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Modernizing student transportation regulations: A Q&A with Morgan Judge

This post is sponsored by EverDriven

According to the Urban Institute, educational inequity extends beyond classroom walls: it starts with inadequate transportation options for students. For the most vulnerable students, such as those experiencing homelessness, in foster care, or those with special needs, the inequality in transportation when it comes to regular school and extracurricular activities is even worse. 

It is essential to modernize student transportation regulations across the country to enhance students’ well-being and safety.

Morgan Judge of EverDriven

Morgan Judge is the Director of Compliance, Regulation, and Policy at EverDriven. In this role, she aims to help all children receive equitable access to a quality education. She shared with us some insight into why it’s time to modernize transportation regulations.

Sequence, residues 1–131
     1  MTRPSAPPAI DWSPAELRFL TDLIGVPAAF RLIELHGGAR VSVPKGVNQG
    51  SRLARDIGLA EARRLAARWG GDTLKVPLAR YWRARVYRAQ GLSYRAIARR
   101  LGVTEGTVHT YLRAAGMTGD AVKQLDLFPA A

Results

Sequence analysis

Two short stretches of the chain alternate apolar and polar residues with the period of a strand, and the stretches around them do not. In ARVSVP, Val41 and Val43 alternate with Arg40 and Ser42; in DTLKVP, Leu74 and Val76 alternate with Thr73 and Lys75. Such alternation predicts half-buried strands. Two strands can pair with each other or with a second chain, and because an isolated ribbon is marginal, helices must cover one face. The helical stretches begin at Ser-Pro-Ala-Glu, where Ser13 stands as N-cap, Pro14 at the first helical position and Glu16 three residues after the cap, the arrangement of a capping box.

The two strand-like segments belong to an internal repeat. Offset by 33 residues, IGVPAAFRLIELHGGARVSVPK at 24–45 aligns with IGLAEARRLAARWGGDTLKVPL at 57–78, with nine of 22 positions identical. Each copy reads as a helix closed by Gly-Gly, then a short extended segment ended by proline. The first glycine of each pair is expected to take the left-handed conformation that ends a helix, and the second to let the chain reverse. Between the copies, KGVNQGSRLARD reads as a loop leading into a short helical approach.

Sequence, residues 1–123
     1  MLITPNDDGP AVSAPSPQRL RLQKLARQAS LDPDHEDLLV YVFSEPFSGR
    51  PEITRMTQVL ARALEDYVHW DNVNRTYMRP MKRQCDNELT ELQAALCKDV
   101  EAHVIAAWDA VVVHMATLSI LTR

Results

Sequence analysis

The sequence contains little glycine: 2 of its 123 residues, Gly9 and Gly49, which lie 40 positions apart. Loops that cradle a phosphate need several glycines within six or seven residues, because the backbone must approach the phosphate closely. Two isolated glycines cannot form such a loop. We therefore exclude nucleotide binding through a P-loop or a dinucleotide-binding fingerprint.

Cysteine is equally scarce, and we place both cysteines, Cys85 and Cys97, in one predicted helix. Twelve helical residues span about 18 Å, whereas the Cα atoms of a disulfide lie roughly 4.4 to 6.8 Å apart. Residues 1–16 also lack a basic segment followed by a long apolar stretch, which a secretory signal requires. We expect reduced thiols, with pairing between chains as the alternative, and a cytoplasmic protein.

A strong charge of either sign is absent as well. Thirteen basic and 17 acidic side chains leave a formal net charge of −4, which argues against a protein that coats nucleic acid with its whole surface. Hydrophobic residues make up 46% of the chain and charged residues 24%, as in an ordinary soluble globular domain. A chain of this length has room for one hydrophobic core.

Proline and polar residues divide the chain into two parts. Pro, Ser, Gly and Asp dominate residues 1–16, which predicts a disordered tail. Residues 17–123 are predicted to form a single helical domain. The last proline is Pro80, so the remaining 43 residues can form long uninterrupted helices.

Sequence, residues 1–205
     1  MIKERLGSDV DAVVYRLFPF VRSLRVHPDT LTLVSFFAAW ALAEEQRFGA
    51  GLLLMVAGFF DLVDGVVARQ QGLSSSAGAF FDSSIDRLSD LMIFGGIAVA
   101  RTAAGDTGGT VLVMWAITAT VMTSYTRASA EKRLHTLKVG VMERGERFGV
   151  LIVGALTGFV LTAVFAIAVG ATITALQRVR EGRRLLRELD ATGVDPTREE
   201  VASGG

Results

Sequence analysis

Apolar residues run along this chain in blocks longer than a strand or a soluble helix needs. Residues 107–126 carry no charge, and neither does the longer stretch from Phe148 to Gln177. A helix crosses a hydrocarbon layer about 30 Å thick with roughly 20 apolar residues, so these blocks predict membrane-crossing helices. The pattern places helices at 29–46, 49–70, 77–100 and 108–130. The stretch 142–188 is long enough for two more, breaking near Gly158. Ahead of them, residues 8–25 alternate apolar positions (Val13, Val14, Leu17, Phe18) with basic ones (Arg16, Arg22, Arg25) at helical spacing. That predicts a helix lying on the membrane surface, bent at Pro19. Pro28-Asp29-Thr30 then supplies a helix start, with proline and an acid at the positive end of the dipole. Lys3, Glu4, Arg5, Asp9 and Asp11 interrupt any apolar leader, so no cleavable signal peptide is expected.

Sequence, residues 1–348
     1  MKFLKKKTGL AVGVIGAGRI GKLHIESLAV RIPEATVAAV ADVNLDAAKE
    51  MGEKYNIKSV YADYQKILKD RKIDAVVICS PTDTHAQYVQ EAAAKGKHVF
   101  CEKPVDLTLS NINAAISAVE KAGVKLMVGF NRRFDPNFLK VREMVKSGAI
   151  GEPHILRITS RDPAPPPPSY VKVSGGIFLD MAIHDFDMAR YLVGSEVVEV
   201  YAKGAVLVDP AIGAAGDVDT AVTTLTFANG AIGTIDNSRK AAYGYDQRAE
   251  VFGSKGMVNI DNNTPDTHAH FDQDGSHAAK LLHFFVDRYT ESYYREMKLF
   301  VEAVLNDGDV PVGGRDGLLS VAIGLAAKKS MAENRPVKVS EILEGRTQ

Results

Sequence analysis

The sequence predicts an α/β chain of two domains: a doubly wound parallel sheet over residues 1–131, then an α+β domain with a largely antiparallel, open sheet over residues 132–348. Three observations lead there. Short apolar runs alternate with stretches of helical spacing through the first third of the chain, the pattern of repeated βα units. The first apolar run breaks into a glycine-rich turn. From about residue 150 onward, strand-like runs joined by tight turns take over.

Question: Why is it essential to modernize student/pupil transportation to include smaller capacity vehicles and their drivers?  

Answer: When I think of the modernization of student transportation, I think of districts truly adapting to modern needs, down to the individual level. Alternative transportation is a direct result of that adaptation, allowing districts to get more students to school by thinking outside of the bus.